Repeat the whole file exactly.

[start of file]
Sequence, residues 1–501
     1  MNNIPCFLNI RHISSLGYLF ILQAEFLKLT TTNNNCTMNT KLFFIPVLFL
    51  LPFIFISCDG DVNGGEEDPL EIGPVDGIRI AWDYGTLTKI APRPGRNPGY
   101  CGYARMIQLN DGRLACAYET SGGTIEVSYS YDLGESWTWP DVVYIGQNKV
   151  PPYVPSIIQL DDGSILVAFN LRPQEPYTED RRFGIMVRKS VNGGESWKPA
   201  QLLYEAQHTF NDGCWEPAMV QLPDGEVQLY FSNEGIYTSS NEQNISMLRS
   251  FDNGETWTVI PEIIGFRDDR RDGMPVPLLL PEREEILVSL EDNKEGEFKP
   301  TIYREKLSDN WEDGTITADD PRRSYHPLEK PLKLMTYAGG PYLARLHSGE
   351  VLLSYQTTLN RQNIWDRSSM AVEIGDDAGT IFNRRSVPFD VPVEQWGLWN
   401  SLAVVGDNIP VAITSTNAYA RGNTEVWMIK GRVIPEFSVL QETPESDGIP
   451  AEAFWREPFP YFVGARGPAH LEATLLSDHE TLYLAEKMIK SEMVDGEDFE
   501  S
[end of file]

Sequence, residues 1–501
     1  MNNIPCFLNI RHISSLGYLF ILQAEFLKLT TTNNNCTMNT KLFFIPVLFL
    51  LPFIFISCDG DVNGGEEDPL EIGPVDGIRI AWDYGTLTKI APRPGRNPGY
   101  CGYARMIQLN DGRLACAYET SGGTIEVSYS YDLGESWTWP DVVYIGQNKV
   151  PPYVPSIIQL DDGSILVAFN LRPQEPYTED RRFGIMVRKS VNGGESWKPA
   201  QLLYEAQHTF NDGCWEPAMV QLPDGEVQLY FSNEGIYTSS NEQNISMLRS
   251  FDNGETWTVI PEIIGFRDDR RDGMPVPLLL PEREEILVSL EDNKEGEFKP
   301  TIYREKLSDN WEDGTITADD PRRSYHPLEK PLKLMTYAGG PYLARLHSGE
   351  VLLSYQTTLN RQNIWDRSSM AVEIGDDAGT IFNRRSVPFD VPVEQWGLWN
   401  SLAVVGDNIP VAITSTNAYA RGNTEVWMIK GRVIPEFSVL QETPESDGIP
   451  AEAFWREPFP YFVGARGPAH LEATLLSDHE TLYLAEKMIK SEMVDGEDFE
   501  S